Giuseppe De Tomasi, Soumya Bera, Antonello Scardicchio, Ivan M. Khaymovich.
Phys. Rev. B 101, 100201 (R) (2020)

We study the finite-time dynamics of an initially localized wave-packet in the Anderson model on the random regular graph (RRG). Considering the full probability distribution of a particle to be at some distance x from the initial state at time t, we give evidence that dynamics is sub-diffusively over a range of disorder strengths, wider than a putative non-ergodic phase. We provide a detailed analysis of the propagation in space-time (x,t) domain, identifying four different regimes. These regimes in (x,t) are determined by the position of a wave-front, which moves sub-diffusively to the most distant sites. We support our numerical results by a self-consistent semi-classical picture of wavepacket. Importantly, the Anderson model on the RRG can be considered as proxy of the many-body localization transition (MBL) on the Fock space of a generic interacting system. In the final discussion, we outline possible implications of our findings for MBL.

Giuseppe De Tomasi, Frank Pollmann, and Markus Heyl.
Phys. Rev. B 99, 241114 (R) (2019)

We introduce a method to efficiently study the dynamical properties of many-body localized systems in the regime of strong disorder and weak interactions. Our method reproduces qualitatively and quantitatively the real-time evolution with a polynomial effort in system size and independent of the desired time scales. We use our method to study quantum information propagation, correlation functions, and temporal fluctuations in one- and two-dimensional MBL systems. Moreover, we outline strategies for a further systematic improvement of the accuracy and we point out relations of our method to recent attempts to simulate the real-time dynamics of quantum many-body systems in classical or artificial neural networks.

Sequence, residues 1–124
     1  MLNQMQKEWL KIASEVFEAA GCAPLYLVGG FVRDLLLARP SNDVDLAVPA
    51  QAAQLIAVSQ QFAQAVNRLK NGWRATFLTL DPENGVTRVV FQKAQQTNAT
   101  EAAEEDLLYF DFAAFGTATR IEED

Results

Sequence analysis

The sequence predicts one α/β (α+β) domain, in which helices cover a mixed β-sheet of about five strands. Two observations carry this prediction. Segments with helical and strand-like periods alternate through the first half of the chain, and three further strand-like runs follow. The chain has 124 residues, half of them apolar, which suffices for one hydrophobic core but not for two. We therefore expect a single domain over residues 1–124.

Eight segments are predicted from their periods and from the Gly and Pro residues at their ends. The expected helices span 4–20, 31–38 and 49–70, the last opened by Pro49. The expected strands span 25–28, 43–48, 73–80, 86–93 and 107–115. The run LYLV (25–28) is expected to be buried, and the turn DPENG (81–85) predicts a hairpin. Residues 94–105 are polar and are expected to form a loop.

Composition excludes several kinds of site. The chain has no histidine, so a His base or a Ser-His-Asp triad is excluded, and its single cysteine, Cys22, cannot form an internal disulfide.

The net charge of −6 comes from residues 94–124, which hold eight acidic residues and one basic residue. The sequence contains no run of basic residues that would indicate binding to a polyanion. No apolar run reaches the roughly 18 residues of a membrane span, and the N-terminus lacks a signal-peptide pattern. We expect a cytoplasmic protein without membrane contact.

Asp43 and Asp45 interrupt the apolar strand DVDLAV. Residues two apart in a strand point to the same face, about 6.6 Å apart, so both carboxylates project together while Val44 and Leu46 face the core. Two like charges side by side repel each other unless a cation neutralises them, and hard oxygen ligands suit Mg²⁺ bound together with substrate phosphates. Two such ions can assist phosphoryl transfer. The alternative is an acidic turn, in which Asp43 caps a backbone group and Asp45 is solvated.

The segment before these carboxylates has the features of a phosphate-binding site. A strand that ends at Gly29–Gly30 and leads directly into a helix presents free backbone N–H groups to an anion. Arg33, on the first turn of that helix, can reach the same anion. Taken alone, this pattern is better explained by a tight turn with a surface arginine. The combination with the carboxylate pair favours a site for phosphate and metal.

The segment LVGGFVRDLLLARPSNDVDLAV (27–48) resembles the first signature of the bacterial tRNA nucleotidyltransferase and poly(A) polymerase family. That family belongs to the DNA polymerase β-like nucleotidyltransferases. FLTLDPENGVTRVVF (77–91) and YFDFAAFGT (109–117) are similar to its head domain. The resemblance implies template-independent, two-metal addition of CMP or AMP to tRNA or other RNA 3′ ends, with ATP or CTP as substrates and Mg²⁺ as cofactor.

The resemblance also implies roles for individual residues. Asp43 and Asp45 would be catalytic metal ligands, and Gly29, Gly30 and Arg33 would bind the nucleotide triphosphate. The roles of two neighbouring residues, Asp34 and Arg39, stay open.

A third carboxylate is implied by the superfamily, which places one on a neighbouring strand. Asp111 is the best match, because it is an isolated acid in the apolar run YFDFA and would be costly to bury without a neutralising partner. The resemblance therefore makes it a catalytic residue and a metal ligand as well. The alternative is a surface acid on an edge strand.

Giuseppe De Tomasi, Soumya Bera, Jens H. Bardarson, Frank Pollmann.
Phys. Rev. Lett. 118, 016804 (2017)

We demonstrate that the quantum mutual information (QMI) is a useful probe to study many-body localization (MBL). First, we focus on the detection of a metal--insulator transition for two different models, the noninteracting Aubry-André-Harper model and the spinless fermionic disordered Hubbard chain. We find that the QMI in the localized phase decays exponentially with the distance between the regions traced out, allowing us to define a correlation length, which converges to the localization length in the case of one particle. Second, we show how the QMI can be used as a dynamical indicator to distinguish an Anderson insulator phase from an MBL phase. By studying the spread of the QMI after a global quench from a random product state, we show that the QMI does not spread in the Anderson insulator phase but grows logarithmically in time in the MBL phase.